Academic journal article Cognitive, Affective and Behavioral Neuroscience

Neuroticism and Extraversion Are Associated with Amygdala Resting-State Functional Connectivity

Academic journal article Cognitive, Affective and Behavioral Neuroscience

Neuroticism and Extraversion Are Associated with Amygdala Resting-State Functional Connectivity

Article excerpt

Published online: 19 December 2013

© Psychonomic Society, Inc. 2013

Abstract The personality traits neuroticism and extraversion are differentially related to socioemotional functioning and susceptibility to affective disorders. However, the neurobiology underlying this differential relationship is still poorly understood. This discrepancy could perhaps best be studied by adopting a brain connectivity approach. Whereas the amygdala has repeatedly been linked to neuroticism and extraversion, no study has yet focused on the intrinsic functional architecture of amygdala-centered networks in relation to both traits. To this end, seed-based correlation analysis was employed to reveal amygdala resting-state functional connectivity (RSFC) and its associations with neuroticism and extraversion in 50 healthy participants. Higher neuroticism scores were associated with increased amygdala RSFC with the precuneus, and decreased amygdala RSFC with the temporal poles, insula, and superior temporal gyrus (p <.05,cluster corrected). Conversely, higher extraversion scores were associated with increased amygdala RSFC with the putamen, temporal pole, insula, and several regions of the occipital cortex (p < .05, cluster corrected). The shifts in amygdala RSFC associated with neuroticism may relate to the lessadaptive perception and processing of self-relevant and socioemotional information that is frequently seen in neurotic individuals, whereas the amygdala RSFC pattern associated with extraversion may relate to the heightened reward sensitivity and enhanced socioemotional functioning in extraverts. We hypothesize that the variability in amygdala RSFC observed in the present study could potentially link neuroticism and extraversion to the neurobiology underlying increased susceptibility or resilience to affective disorders.

Keywords Neuroticism . Extraversion . Amygdala . Resting-state fMRI . Functional connectivity

Human personality describes the distinctive and persistent patterns of thoughts, emotions, and actions that occur across contexts and over time (Mischel, 2004). The influential Big Five model of personality suggests that individual variations in behavior can be described along five trait dimensions: neuroticism, extraversion, agreeableness, conscientiousness, and openness (McCrae & Costa, 1991). Of these traits, neuroticism and extraversion are the most widely studied dimensions (Kennis, Rademaker, & Geuze, 2013;McCrae&Costa, 1991), both describing individual differences in socioemotional functioning and susceptibility to affective disorders.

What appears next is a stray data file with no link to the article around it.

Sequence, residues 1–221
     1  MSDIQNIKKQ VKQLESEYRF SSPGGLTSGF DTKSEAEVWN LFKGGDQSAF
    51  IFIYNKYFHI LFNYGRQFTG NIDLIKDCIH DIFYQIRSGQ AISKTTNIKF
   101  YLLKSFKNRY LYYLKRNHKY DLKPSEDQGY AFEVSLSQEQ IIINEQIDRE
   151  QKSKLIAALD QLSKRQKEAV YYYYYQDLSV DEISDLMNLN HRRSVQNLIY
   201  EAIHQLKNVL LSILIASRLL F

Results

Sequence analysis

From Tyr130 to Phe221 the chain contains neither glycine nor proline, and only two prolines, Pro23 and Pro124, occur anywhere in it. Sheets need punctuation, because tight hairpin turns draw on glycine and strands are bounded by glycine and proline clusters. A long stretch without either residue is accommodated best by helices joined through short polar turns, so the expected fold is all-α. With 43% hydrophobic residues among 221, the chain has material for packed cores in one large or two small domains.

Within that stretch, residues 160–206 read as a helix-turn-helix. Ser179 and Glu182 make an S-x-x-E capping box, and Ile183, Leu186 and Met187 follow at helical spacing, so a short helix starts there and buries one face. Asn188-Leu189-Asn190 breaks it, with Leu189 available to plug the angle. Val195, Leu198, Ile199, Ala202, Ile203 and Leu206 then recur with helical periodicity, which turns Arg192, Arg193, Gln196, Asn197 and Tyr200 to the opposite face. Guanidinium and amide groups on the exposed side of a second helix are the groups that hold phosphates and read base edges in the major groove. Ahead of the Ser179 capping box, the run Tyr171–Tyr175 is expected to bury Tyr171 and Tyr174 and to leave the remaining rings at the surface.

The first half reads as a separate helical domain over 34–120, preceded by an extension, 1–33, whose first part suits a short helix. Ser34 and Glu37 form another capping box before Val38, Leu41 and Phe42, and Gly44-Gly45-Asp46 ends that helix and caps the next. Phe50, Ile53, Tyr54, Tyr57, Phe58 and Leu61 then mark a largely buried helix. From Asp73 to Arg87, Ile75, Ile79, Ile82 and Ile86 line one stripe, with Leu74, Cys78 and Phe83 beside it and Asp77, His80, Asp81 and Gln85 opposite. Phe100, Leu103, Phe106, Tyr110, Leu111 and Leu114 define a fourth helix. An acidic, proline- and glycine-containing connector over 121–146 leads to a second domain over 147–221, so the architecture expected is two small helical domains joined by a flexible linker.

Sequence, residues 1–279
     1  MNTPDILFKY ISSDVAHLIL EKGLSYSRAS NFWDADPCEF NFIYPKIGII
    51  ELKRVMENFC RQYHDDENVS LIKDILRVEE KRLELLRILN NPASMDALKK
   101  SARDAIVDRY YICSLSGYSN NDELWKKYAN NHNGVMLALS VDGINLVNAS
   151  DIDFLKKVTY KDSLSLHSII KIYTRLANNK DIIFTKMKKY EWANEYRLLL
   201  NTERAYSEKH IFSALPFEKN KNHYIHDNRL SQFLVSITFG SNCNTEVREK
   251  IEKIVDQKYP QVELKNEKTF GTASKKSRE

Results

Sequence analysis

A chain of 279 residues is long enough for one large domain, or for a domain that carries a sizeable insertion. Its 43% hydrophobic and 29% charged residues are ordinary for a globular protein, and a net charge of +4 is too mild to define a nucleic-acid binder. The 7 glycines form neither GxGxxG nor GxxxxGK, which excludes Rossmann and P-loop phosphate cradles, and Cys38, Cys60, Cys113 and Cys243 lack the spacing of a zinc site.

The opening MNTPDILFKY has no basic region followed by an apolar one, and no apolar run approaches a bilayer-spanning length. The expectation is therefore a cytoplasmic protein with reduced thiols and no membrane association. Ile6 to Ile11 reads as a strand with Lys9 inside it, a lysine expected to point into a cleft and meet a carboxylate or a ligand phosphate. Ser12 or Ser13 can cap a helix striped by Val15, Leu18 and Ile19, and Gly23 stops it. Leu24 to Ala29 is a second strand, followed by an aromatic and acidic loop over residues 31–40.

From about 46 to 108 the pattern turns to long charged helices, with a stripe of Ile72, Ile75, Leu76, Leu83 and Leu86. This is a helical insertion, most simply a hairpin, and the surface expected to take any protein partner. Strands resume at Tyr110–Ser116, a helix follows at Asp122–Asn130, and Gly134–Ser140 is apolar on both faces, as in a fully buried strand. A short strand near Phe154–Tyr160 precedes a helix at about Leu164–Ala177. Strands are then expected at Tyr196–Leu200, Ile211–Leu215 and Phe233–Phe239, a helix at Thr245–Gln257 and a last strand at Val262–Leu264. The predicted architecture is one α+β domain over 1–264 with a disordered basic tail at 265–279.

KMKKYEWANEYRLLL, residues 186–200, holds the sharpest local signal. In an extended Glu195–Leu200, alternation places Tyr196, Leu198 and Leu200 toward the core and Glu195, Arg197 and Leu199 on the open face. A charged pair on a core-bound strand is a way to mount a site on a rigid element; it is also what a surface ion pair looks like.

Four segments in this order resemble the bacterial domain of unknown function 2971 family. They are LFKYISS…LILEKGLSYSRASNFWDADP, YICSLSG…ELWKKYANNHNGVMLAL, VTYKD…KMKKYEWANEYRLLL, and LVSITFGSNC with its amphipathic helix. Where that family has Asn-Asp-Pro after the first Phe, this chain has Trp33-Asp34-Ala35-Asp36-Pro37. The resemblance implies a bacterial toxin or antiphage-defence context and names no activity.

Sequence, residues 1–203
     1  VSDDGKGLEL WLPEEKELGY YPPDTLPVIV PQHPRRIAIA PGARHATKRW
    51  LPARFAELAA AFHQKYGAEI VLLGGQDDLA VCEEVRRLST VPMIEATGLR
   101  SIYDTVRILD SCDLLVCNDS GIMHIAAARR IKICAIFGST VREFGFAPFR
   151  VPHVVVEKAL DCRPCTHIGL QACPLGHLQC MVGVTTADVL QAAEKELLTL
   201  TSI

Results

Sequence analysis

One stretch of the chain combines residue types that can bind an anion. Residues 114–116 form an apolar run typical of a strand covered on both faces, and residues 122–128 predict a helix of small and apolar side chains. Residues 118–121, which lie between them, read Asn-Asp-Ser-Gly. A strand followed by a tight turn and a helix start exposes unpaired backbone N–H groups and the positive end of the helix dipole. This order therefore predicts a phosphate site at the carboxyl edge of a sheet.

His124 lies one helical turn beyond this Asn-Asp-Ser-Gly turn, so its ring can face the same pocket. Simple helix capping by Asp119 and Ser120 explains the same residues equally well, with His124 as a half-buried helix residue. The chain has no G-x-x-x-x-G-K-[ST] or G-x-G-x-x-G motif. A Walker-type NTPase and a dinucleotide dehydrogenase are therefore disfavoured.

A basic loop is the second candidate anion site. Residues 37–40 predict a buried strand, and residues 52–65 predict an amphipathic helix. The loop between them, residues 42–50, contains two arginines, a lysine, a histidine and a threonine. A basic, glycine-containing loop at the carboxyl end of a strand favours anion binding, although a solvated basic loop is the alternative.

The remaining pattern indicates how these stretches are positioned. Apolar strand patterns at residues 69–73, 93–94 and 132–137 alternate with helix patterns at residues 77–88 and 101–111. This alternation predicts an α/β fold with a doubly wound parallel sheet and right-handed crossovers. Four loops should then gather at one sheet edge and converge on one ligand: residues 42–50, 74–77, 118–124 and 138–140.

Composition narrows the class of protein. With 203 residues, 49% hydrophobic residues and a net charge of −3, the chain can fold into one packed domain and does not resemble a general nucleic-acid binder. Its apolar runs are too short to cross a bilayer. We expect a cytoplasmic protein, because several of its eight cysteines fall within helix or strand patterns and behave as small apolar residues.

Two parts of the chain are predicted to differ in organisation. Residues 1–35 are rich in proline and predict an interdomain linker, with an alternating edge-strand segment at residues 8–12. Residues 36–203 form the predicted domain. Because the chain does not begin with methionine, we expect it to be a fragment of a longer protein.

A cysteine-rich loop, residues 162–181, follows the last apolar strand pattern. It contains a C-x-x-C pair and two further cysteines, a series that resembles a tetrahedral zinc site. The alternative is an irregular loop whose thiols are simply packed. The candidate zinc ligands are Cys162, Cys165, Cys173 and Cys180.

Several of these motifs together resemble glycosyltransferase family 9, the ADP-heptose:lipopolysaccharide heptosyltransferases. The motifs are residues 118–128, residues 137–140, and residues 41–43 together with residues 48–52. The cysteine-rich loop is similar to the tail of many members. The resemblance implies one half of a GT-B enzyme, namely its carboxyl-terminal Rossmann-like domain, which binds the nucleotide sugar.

Neuroticism is linked to vulnerability to depression and anxiety (Bienvenu et al., 2001; Clark, Watson, & Mineka, 1994; Durrett & Trull, 2005), less favorable treatment outcomes in general (Geerts & Bouhuys, 1998), and a higher risk for comorbid psychiatric disorders (Khan, Jacobson, Gardner, Prescott, & Kendler, 2005). These negative consequences are hypothesized to originate from neuroticism's relationship with maladaptive cognitive and emotional functioning. This includes being extremely sensitive to negative social cues in the environment (McCrae & Costa, 1991), interpreting ambiguous social cues as threatening or negative (Bolger & Zuckerman, 1995), experiencing difficulties in affect regulation (Tamir, 2005), and demonstrating a more negative self-referential informationprocessing style (Trapnell & Campbell, 1999). In contrast, extraversion is linked to a higher propensity for experiencing positive emotional states (Larsen & Ketelaar, 1991) and decreased susceptibility to affective disorders (Kotov, Gamez, Schmidt, & Watson, 2010). This is thought to stem from extraversion's relationship with sensitivity to positive and rewarding cues in the environment (McCrae & Costa, 1991). Extraverts show a strong tendency to engage in rewarding social interactions, are enthusiastic and optimistic in general, and tend to be assertive and talkative in social situations. …

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